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We began by modeling lunar entrainment, a deterministic component of larval supply. There was little improvement in model performance when nonlinear models were considered in comparison with linear regression. We then added cross-shelf wind speed, a stochastic component, into the model. In this case, nonlinear maps offered some increase in forecasting performance (Table 1) (16).

Choosing a physical variable to reflect events occurring early in larval life was more difficult. Such effects are plausible, given the suggestion that retention mechanisms may work to keep larvae local to their native reef (17), and otolith studies describing the age of these fish have been reported (6). However, because not all larvae are precisely the same age, and further because both the time required for yolk-sac resorption and the time to inevitable mortality in the absence of successful feeding are unknown, we proceeded conservatively by considering a wide range of lags (from 1 to 30 days) for daily averaged wind speed. Viewed linearly, there was no significant difference in model performance between any of these lags.

We then tuned all 30 lags toward nonlinear model solutions, creating a rho-lag-neighborhood surface (Fig. 3A). The slight improvement in correlation coefficient at intermediate lags, which was evident in linear models, increased significantly (Z test;P < 0.05) as the models were made more nonlinear. Notably, only models coinciding with the age of the larvae offered improvement over the bivariate nonlinear model. Otolith analysis of these fishes has indicated that they are from 16 to 23 days old, with a mean age of 19 days; the strongest effects we identified ranged from 15 to 17 days and centered at 16 days, 3 days after release from the nest.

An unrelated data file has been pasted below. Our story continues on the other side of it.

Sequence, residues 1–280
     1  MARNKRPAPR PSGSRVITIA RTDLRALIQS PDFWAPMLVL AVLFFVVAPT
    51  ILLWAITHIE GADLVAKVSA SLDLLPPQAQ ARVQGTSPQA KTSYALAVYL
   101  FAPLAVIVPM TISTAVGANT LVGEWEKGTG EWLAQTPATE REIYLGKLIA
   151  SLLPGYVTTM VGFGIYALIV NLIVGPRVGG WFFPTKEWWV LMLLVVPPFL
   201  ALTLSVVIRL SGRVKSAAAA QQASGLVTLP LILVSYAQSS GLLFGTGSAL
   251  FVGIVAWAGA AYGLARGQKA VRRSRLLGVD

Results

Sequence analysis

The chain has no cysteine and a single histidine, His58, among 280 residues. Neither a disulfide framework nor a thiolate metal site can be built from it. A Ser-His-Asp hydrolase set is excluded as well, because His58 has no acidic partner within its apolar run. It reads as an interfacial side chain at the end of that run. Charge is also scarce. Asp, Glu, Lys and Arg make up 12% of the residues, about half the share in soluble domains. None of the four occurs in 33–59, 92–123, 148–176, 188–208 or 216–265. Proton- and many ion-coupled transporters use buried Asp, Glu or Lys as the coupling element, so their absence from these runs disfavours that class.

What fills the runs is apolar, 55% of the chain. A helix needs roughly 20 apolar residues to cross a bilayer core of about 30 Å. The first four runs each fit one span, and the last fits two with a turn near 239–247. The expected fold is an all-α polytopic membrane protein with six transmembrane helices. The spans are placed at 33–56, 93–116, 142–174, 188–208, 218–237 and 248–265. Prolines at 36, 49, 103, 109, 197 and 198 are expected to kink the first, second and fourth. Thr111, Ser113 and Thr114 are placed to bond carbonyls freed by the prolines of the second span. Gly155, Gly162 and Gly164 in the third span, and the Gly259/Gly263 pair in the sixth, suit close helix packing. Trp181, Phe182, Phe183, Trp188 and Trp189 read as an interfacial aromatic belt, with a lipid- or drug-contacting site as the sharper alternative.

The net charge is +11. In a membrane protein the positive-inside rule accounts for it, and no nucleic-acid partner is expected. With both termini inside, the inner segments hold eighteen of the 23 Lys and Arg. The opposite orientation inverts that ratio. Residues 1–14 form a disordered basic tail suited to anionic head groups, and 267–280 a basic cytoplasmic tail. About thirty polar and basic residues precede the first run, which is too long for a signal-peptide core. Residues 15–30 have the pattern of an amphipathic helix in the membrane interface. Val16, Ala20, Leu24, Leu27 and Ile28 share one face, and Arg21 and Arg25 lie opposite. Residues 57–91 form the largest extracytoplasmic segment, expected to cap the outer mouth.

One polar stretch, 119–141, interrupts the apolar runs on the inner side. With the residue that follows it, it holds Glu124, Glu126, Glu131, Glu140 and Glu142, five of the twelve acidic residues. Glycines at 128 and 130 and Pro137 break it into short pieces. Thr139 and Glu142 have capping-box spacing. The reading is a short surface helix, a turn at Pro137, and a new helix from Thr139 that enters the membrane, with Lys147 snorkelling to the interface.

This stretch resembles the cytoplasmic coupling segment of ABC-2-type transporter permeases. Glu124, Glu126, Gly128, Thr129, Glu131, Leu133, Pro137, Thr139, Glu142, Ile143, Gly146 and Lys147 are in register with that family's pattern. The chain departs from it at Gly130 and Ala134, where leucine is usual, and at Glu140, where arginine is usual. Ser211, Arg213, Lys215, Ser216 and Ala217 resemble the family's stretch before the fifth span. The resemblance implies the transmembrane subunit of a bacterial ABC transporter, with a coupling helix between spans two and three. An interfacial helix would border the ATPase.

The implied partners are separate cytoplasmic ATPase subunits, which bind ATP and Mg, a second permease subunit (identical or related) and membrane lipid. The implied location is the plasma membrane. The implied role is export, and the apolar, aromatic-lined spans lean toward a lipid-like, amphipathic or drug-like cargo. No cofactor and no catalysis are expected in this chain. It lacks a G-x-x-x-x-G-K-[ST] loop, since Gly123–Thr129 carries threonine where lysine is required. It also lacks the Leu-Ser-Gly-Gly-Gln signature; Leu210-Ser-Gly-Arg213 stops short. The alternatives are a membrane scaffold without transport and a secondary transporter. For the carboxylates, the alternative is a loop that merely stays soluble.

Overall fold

Figure 3

(A) Rho-neighborhood size-wind stress lag surface. The slight increase in rho at intermediate lags strengthens as the models become increasingly nonlinear. The best model, with a 16-day lag, corresponds to 3 days after the average date of larval release from the nest. (B) Response of larvae to 19-day lagged nighttime irradiance. Maximum larval abundance is associated with release on the full moon. (C) Larval response to recent cross-shelf wind speed. Larvae are positively associated with weak onshore winds (positive values), which may enable mature larvae to promote their return to the reef. (D) Larval number as a function of 16-day lagged average daily wind stress. Note the dome-shaped response to wind stress, centered around 4 to 8 m/s.